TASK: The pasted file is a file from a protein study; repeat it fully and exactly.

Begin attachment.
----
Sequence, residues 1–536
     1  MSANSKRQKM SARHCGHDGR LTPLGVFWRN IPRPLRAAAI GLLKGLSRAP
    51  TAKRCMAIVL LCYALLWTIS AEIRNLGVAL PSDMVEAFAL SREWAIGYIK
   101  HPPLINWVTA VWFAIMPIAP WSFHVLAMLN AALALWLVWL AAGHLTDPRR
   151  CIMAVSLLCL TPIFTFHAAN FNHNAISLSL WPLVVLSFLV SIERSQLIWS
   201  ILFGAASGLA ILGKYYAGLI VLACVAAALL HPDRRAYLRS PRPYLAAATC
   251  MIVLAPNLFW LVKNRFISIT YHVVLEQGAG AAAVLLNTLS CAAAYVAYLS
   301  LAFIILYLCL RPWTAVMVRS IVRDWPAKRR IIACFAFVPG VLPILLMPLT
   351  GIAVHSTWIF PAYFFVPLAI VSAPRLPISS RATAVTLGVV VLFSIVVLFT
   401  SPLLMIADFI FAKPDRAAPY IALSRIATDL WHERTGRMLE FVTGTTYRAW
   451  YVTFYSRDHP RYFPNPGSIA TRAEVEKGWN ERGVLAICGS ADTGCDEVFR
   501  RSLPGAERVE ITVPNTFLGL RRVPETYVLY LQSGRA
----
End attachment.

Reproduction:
Sequence, residues 1–536
     1  MSANSKRQKM SARHCGHDGR LTPLGVFWRN IPRPLRAAAI GLLKGLSRAP
    51  TAKRCMAIVL LCYALLWTIS AEIRNLGVAL PSDMVEAFAL SREWAIGYIK
   101  HPPLINWVTA VWFAIMPIAP WSFHVLAMLN AALALWLVWL AAGHLTDPRR
   151  CIMAVSLLCL TPIFTFHAAN FNHNAISLSL WPLVVLSFLV SIERSQLIWS
   201  ILFGAASGLA ILGKYYAGLI VLACVAAALL HPDRRAYLRS PRPYLAAATC
   251  MIVLAPNLFW LVKNRFISIT YHVVLEQGAG AAAVLLNTLS CAAAYVAYLS
   301  LAFIILYLCL RPWTAVMVRS IVRDWPAKRR IIACFAFVPG VLPILLMPLT
   351  GIAVHSTWIF PAYFFVPLAI VSAPRLPISS RATAVTLGVV VLFSIVVLFT
   401  SPLLMIADFI FAKPDRAAPY IALSRIATDL WHERTGRMLE FVTGTTYRAW
   451  YVTFYSRDHP RYFPNPGSIA TRAEVEKGWN ERGVLAICGS ADTGCDEVFR
   501  RSLPGAERVE ITVPNTFLGL RRVPETYVLY LQSGRA